ELY, Circuit Judge (dissenting):
I respectfully dissent. In doing so, I first emphasize the requirement that all reasonable intendments touching upon the existence of a genuine issue of material fact must be indulged against the moving party. United States v. Diebold, Inc., 369 U.S. 654, 82 S.Ct. 993, 8 L.Ed. 2d 176 (1962); Griffeth v. Utah Power & Light Co., 226 F.2d 661 (9th Cir. 1955). This traditional and necessarily rigid requirement stems from recognition that summary judgment is an extremely drastic remedy. 3 Barron & Holtzoff, Federal Practice and Procedure Sec. 1231 (Wright ed.), quoted in Hoffman v. Babbitt Bros. Trading Co., 203 F.2d 636, 637 n. 1 (9th Cir. 1953). Accordingly, summary judgment should be rendered only "if the pleadings, depositions, answers to interrogatories, and admissions on file, together with the affidavits, if any, show that there is no genuine issue as to any material fact and that the moving party is entitled to a judgment as a matter of law." Fed.R. Civ.P. 56(c). See Consolidated Electric Co. v. United States, 355 F.2d 437 (9th Cir. 1966).
From the voluminous discovery records and briefs in this case, and from the unambiguous provisions of the first-refusal clause of the contract, I simply cannot agree that the negotiations entered into between Whittell and O'Neill failed to raise a genuine issue of fact concerning Zephyr Cove's right to purchase the property that it had leased and improved.
Paragraph 4 of the lease agreement expressly provides that "[i]n the event the Lessor does have a bona fide offer of sale, the Lessees1 will be given the first opportunity to purchase at the same terms and conditions of said offer." The majority, however, refuses to read this provision independently of the first sentence of paragraph 4, which provides for cancellation of the lease on six months notice of a bona fide sale of Zephyr Cove Beach. Thus the majority concludes that appellant's right of first refusal was conditioned upon the lessor's decision to sell the property accompanied by an actual termination of the lease.
To justify this conclusion in a summary judgment context, the movant (appellee) had the initial and heavy burden of demonstrating the absence of any genuine issue of material fact so that, under applicable principles of substantive law, it was entitled to judgment as a matter of law.2 The several cases examined by the majority do not, however, satisfy me that appellee was entitled to judgment as matter of law. To the contrary, as the majority notes, the "authorities disclose that there are two general classes of first refusal clauses to be found in leases." Similarly, in the cited cases the factual issues, including those involving the intent of the parties, were fully tried, producing varying conclusions concerning the right of first refusal.
Further, as the majority also expressly recognizes, "[t]he crux of the case is whether the sentence calling for the right of first refusal is to be interpreted as an independent, free-floating provision unaffected by the first sentence of paragraph 4. . . ." As I perceive this critical factual issue, the relationship between these two key sentences cannot be divined solely from within the four corners of the contract. To go beyond the borders of the contract, however, would necessitate inquiry into the intentions of the parties; and, as the majority admits, there was nothing presented that fully elucidated those intentions.3 Absent a plenary trial, such was impossible. Moreover, the movant (appellee) conceded that "construction of the [first refusal] provision would be in some doubt" even if the lease were not terminated prior to a proposed sale. In consequence, I can find no basis for the majority's implied conclusion that the movant met its prima facie burden of dispelling the existence of triable issues.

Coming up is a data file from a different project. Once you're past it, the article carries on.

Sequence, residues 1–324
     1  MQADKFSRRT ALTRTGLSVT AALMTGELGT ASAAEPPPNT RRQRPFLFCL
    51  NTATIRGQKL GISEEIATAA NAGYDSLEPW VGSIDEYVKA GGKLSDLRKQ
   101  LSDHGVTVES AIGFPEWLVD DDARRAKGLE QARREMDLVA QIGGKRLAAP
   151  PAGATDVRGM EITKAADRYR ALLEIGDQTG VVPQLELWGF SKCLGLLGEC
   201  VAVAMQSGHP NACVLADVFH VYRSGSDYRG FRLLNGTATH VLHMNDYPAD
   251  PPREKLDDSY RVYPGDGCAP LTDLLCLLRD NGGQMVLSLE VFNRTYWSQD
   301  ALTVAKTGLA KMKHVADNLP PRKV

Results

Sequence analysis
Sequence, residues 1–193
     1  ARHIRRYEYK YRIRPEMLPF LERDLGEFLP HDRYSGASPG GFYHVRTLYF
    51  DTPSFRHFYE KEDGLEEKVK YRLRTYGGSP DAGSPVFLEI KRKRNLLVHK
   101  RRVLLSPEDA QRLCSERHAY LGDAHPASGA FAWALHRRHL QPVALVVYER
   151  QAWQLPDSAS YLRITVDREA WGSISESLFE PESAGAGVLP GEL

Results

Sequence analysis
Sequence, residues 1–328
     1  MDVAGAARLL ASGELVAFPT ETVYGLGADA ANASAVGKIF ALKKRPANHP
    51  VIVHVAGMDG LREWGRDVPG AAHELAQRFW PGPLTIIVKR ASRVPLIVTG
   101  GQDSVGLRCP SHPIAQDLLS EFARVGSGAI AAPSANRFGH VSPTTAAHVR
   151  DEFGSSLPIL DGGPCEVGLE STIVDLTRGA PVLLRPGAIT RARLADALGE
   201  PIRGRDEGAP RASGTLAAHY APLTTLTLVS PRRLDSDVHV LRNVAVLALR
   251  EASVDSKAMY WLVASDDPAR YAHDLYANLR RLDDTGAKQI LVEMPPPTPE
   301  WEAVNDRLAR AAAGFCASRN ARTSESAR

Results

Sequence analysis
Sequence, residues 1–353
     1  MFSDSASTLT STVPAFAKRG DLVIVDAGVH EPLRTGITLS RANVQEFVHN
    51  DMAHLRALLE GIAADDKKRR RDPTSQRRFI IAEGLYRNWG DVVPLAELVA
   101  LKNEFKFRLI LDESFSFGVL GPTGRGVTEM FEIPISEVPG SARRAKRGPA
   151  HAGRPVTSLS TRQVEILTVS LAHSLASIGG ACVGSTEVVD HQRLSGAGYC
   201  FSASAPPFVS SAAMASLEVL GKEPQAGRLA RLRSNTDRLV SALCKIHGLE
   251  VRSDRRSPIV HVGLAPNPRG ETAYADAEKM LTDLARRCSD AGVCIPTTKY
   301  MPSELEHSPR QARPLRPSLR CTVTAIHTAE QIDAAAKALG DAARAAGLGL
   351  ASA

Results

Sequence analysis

Even if we were to assume arguendo that appellee, as the movant, has met his prima facie burden of dispelling the existence of a triable issue, I believe that in considering all the evidence in a light most favorable to appellant it is indisputable that Zephyr Cove has presented a genuine issue of material fact as the traditional test of which has hitherto been understood. See, e. g., Adickes v. S. H. Kress & Co., 398 U.S. 144, 157, 90 S.Ct. 1598, 26 L.Ed.2d 142 (1970); Northrop Architectural Systems v. Lupton Mfg. Co., 437 F.2d 889, 891 (9th Cir. 1970).
The deposition of Lewis, Jr. (counsel for Whittell), reveals, for example, that Lewis, Jr., told Whittell that Whittell could not sell the beach property directly to O'Neill because the first refusal clause was supposed to operate in Zephyr Cove's favor. The majority ascribes some importance to a letter from Lewis, Sr. (also counsel for Whittell) suggesting that Lewis, Sr. interpreted the subject clauses of the lease "to mean that if the lease terminated on six months notice, Empey [appellant's predecessor] would have a right to buy. . . ." Appellant, however, adequately met this averment by pointing out that in writing this letter "Lewis, Sr. was representing Whittell's interest in retaining the [O'Neill] deposit [on the Zephyr Cove Beach property] and, therefore, proposed an admittedly doubtful defense against possible enforcement of the right of first refusal." Construing this conflicting evidence, as we must, in the light most favorable to the party opposing summary judgment, appellant's interpretation should prevail.